In 2020, Alluvial in partnership with the Mastercard Foundation, started a program to support more than 3 million people in sub-Saharan Africa over the next two years. The program focused on building food security and increasing digital and financial inclusion within the most vulnerable farming communities. It was part of efforts to achieve sustainable recovery and build resilience from the COVID-19 pandemic. Specifically, it was to enable 65,000 farmers to directly benefit from quality land, seeds, fertilizers, mechanization, and storage. Also, to tackle the root causes of hunger and poverty, all through a US $20.4 million commitment provided by the Mastercard Foundation.

While the program was to directly support 65,000 farmers with mechanization, inputs, agronomic advice, and market access, it targeted an additional one million farmers with climate-smart agro-advisory and market intelligence, benefitting at least 3 million direct dependents. The support program enabled participants to improve yields, increasing from 2.5 tons of rice per hectare to 4.5, for example, or from 1.5 tons of maize to 4 tons.

This is a sector where there is tremendous potential, not just to create food security, but to enable work
“Farmers must be at the forefront of helping us recover from this crisis,” said Chidinma Lawanson, country head, Nigeria, at the Mastercard Foundation. “This is a sector where there is tremendous potential, not just to create food security, but to enable work. But this isn’t just about recovering from the impacts of the pandemic, it’s also about building long-term resilience in the agricultural sector so that it can withstand the effects of emerging and future issues—like climate change.”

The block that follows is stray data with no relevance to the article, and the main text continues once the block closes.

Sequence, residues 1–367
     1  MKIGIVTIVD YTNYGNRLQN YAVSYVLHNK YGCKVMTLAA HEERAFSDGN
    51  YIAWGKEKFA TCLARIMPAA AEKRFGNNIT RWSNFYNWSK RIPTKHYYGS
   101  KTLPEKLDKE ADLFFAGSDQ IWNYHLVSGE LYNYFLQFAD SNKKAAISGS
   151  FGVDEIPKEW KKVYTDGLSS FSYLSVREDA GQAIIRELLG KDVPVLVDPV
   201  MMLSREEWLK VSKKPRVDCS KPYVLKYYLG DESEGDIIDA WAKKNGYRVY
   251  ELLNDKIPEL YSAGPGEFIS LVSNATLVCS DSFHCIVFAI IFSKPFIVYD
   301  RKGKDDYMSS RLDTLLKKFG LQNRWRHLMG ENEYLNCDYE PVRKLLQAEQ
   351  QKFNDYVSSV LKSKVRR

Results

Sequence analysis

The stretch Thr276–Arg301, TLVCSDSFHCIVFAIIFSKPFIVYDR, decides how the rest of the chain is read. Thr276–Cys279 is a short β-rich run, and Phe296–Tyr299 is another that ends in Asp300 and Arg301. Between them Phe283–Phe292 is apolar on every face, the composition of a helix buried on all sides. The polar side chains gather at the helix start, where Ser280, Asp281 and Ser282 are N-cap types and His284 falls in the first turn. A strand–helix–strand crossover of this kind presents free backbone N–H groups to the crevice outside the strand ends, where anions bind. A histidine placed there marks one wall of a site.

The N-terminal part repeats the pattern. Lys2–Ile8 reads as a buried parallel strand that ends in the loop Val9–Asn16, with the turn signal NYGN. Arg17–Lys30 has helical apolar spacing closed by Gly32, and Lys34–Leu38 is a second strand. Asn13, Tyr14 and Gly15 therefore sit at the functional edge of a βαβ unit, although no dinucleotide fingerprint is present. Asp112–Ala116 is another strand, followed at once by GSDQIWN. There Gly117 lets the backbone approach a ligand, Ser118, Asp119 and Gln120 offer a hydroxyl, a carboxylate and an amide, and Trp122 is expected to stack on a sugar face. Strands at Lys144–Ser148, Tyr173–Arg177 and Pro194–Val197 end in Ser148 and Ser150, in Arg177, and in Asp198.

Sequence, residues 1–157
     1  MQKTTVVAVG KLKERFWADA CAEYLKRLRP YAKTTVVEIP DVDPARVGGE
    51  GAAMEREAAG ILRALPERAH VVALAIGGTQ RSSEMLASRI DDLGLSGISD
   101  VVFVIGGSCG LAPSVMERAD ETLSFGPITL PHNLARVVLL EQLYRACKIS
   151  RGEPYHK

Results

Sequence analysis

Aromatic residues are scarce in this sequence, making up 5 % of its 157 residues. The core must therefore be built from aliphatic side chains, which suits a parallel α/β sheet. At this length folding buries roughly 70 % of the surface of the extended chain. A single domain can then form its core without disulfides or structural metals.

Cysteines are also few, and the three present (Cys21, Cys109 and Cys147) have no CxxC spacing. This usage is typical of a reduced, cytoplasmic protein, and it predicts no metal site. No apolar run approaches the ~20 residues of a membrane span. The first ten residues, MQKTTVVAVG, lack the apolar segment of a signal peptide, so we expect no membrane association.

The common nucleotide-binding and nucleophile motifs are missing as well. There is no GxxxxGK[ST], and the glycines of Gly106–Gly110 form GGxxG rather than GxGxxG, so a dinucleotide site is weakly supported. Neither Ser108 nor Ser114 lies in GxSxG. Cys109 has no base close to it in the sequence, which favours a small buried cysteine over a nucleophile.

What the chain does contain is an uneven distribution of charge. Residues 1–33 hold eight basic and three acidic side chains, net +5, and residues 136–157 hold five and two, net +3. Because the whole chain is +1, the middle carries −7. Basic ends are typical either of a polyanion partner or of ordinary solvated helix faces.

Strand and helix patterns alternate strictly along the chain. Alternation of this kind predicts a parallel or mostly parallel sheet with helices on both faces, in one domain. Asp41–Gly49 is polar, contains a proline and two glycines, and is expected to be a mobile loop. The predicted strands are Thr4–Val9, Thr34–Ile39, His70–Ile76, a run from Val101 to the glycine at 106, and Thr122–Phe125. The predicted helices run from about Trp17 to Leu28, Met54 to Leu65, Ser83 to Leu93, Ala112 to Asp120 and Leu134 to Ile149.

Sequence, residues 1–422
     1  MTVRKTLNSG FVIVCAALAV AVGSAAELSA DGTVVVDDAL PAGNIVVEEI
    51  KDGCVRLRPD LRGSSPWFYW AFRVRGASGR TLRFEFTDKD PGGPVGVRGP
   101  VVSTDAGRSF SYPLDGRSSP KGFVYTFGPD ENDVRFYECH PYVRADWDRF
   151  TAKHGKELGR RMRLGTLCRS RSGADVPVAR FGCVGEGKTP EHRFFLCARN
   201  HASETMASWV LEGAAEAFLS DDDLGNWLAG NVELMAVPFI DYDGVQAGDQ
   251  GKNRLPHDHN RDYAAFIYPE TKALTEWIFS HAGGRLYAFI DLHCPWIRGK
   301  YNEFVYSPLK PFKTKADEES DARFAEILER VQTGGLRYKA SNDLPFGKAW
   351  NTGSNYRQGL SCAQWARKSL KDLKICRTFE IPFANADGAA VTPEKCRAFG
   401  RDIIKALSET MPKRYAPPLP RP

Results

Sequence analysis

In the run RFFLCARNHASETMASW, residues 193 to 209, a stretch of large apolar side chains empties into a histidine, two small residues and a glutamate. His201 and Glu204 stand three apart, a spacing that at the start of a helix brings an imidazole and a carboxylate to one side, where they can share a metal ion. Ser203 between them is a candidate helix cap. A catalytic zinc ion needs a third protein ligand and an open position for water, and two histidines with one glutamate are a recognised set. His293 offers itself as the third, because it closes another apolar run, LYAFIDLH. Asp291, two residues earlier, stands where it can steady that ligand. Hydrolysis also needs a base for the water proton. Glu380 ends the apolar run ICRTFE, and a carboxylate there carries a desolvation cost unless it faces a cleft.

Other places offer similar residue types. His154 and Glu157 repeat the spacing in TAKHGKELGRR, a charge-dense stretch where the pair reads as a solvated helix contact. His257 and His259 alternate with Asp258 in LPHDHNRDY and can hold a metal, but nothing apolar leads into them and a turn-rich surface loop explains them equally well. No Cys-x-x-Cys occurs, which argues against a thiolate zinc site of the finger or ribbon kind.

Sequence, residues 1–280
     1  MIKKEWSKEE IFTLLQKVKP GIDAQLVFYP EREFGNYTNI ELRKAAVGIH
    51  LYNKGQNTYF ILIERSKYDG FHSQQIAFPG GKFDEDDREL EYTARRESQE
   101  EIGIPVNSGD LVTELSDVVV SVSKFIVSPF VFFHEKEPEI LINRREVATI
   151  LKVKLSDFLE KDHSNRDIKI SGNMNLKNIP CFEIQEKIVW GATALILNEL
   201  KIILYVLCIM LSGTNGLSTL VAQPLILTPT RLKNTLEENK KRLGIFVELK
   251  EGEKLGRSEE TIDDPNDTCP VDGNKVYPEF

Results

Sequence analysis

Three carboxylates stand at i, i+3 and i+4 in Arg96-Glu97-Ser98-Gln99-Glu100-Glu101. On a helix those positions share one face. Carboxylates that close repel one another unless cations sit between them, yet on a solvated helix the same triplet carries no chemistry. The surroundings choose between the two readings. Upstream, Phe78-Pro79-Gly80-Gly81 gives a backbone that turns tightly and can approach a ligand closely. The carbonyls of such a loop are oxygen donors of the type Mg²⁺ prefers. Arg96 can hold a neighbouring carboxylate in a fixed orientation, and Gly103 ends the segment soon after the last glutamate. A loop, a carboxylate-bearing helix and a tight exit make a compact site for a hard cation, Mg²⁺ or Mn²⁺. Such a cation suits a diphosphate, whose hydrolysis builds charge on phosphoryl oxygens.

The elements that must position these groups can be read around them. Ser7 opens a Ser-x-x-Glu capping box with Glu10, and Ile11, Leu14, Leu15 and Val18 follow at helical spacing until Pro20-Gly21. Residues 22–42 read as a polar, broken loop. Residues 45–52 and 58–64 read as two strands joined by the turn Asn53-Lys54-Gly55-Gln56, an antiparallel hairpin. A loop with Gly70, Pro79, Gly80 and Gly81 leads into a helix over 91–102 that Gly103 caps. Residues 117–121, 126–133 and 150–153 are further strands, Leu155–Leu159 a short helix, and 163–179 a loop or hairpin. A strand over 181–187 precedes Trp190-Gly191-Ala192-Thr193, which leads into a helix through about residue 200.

Kemedi had said during an interview, that there was hardly any need to convince Mastercard to get on board as the foundation was already existing for the purpose of helping to create jobs and increase financial viability in the areas they work with, particularly in Africa. They had an emphasis on youth and women, which tied into Alluvial’s plans.

“They saw the work we've been doing and they liked it. For us also, this was a great opportunity to partner with them to help them achieve their objectives which, of course, in the process, helps us to achieve our own objectives,” Kemedi said.

Since the partnership, Kemedi attests Alluvial has been able to reach more farmers than it would have done on its own. For the farmers, many of them, particularly during the peak periods of Covid, with all the supply chain challenges and the escalating costs of inputs, have been able to access support, which has enhanced the standard of living of their families and helped them to address the shocks of the situation being experienced globally.